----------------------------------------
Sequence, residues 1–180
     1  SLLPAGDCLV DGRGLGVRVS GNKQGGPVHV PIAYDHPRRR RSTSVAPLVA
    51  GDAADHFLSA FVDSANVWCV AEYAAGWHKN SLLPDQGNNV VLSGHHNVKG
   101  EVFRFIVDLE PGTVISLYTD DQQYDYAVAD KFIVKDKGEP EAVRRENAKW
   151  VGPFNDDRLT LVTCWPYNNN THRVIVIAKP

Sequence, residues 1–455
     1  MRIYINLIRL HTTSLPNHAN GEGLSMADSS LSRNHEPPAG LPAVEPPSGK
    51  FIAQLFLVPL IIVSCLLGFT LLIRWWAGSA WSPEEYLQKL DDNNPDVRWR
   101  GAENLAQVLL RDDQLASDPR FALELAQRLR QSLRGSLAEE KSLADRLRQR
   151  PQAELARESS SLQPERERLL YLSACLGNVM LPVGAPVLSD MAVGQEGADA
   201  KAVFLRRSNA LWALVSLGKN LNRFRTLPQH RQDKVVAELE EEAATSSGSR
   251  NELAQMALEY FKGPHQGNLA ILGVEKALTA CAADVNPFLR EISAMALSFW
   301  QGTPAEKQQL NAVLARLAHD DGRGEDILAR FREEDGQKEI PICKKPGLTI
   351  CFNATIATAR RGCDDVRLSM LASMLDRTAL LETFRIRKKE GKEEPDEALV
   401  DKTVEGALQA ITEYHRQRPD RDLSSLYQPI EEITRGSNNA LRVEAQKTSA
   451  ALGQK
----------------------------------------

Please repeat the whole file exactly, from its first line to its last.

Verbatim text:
Sequence, residues 1–180
     1  SLLPAGDCLV DGRGLGVRVS GNKQGGPVHV PIAYDHPRRR RSTSVAPLVA
    51  GDAADHFLSA FVDSANVWCV AEYAAGWHKN SLLPDQGNNV VLSGHHNVKG
   101  EVFRFIVDLE PGTVISLYTD DQQYDYAVAD KFIVKDKGEP EAVRRENAKW
   151  VGPFNDDRLT LVTCWPYNNN THRVIVIAKP

Sequence, residues 1–455
     1  MRIYINLIRL HTTSLPNHAN GEGLSMADSS LSRNHEPPAG LPAVEPPSGK
    51  FIAQLFLVPL IIVSCLLGFT LLIRWWAGSA WSPEEYLQKL DDNNPDVRWR
   101  GAENLAQVLL RDDQLASDPR FALELAQRLR QSLRGSLAEE KSLADRLRQR
   151  PQAELARESS SLQPERERLL YLSACLGNVM LPVGAPVLSD MAVGQEGADA
   201  KAVFLRRSNA LWALVSLGKN LNRFRTLPQH RQDKVVAELE EEAATSSGSR
   251  NELAQMALEY FKGPHQGNLA ILGVEKALTA CAADVNPFLR EISAMALSFW
   301  QGTPAEKQQL NAVLARLAHD DGRGEDILAR FREEDGQKEI PICKKPGLTI
   351  CFNATIATAR RGCDDVRLSM LASMLDRTAL LETFRIRKKE GKEEPDEALV
   401  DKTVEGALQA ITEYHRQRPD RDLSSLYQPI EEITRGSNNA LRVEAQKTSA
   451  ALGQK